The final piece to the five Key Characteristics of Team Effectiveness is Results. This is not just getting numbers on the board. It is a focus on the overall team results, even if they have a negative impact on individual members’ goals. The pinnacle of this type of team effectiveness – built on trust, healthy conflict, commitment and accountability – is the willingness to take one for the team, to put the team’s collective need above your own.
Many teams are teams in name only. The members can feign some of the other key characteristics at the surface level. However, to put the needs of the team goals ahead of their own cannot be faked. In other words, this is where the rubber meets the road.
As you lead your team to these results, keep the members focused on the long-term strategic objectives. If it becomes clear that the appropriate course of action may have a short-term negative impact on one of your team member’s area, give them a chance to step up. When they do, acknowledge them putting the long-term strategic goals ahead of their short-term benefits.
If they do not step up, take the time to acknowledge that the course of action, that is proving to be most appropriate, is right for the organization in the long term. Recognize the impact that the course of action has on specific members and their own areas. You can ask that team member if there a perspective that the team is not seeing. As you work through the conflicting perspective, reinforce that, as a team focused on results, these are the tough decisions that we need to make.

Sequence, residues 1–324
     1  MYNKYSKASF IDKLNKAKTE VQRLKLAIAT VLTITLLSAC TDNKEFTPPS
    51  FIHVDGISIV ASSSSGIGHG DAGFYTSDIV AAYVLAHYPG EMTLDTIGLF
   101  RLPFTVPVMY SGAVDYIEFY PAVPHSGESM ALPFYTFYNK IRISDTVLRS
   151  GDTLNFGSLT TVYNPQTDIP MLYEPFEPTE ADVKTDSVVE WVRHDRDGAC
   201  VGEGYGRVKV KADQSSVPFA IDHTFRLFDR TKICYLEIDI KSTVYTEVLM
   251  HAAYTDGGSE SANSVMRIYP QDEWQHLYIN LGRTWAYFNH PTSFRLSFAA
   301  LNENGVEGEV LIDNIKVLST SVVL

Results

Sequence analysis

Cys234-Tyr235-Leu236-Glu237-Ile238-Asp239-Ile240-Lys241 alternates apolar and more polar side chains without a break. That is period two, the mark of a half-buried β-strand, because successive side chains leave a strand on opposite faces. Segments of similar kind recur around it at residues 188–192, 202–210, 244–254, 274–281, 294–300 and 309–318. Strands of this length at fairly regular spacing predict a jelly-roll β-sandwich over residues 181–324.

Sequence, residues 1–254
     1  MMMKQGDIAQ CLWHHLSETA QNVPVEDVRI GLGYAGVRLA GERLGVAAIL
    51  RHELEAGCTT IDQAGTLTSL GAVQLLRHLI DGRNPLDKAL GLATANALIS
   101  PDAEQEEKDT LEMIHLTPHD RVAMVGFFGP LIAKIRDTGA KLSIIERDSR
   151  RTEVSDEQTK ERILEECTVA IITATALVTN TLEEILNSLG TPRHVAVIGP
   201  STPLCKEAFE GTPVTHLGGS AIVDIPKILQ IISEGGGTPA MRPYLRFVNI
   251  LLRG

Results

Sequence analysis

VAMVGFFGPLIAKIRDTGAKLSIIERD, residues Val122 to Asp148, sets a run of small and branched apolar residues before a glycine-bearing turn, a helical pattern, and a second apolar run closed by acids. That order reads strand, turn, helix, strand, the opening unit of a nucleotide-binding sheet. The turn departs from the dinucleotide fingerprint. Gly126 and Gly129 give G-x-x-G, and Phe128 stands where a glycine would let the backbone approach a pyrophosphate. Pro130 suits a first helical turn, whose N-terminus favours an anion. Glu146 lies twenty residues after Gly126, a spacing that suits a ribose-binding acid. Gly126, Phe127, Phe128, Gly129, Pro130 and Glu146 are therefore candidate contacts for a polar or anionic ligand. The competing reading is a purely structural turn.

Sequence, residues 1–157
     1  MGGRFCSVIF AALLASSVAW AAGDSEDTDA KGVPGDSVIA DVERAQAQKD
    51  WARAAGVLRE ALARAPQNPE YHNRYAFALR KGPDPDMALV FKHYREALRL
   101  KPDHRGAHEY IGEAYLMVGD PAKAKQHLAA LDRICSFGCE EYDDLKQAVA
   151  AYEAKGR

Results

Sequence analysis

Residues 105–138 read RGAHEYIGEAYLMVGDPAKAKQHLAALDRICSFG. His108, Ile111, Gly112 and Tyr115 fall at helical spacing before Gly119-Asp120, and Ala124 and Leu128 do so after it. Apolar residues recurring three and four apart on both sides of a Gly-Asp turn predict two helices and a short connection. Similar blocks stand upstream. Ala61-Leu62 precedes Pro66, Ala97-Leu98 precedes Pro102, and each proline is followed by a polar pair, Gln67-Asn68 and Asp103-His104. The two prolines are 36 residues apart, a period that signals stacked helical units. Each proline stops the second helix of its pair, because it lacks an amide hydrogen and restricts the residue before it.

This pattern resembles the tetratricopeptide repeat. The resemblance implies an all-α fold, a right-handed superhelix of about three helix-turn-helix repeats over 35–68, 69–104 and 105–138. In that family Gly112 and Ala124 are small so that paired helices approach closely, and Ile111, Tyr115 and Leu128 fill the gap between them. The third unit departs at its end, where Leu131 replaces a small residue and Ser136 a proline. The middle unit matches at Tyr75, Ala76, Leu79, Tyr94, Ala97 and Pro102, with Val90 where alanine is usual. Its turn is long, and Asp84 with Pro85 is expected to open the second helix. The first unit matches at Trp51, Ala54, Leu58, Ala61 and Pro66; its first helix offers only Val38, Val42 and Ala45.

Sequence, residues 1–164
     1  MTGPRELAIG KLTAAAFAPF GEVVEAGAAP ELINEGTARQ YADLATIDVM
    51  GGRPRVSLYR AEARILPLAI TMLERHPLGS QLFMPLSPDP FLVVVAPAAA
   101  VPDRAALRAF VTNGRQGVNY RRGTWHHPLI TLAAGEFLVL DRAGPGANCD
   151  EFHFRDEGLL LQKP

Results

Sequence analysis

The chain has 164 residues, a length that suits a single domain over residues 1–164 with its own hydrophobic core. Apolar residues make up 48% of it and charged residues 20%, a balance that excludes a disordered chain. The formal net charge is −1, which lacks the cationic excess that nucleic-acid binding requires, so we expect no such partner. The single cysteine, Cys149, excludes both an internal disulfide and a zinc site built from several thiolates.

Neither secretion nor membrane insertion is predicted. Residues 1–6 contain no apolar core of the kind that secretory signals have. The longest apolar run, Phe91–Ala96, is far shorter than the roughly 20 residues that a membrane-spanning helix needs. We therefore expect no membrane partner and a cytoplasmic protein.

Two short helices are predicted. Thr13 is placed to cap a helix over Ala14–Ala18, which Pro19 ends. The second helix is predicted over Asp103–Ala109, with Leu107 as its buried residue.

As you work towards this aspect of team effectiveness, you want to make sure the reward systems are aligned to your goals. The higher a team member is in the organization, the more their compensation-at-risk should be based on the overall team performance and less on their individual performance.
Remember, your team effectiveness is built on these key characteristics: Trust, Healthy Conflict, Commitment, Accountability and Results. Together, these traits enable your team to function with psychological safety, which heightens both connection and innovation. As a leader, you have taken the steps to Energize Action toward the long-term, strategic goals.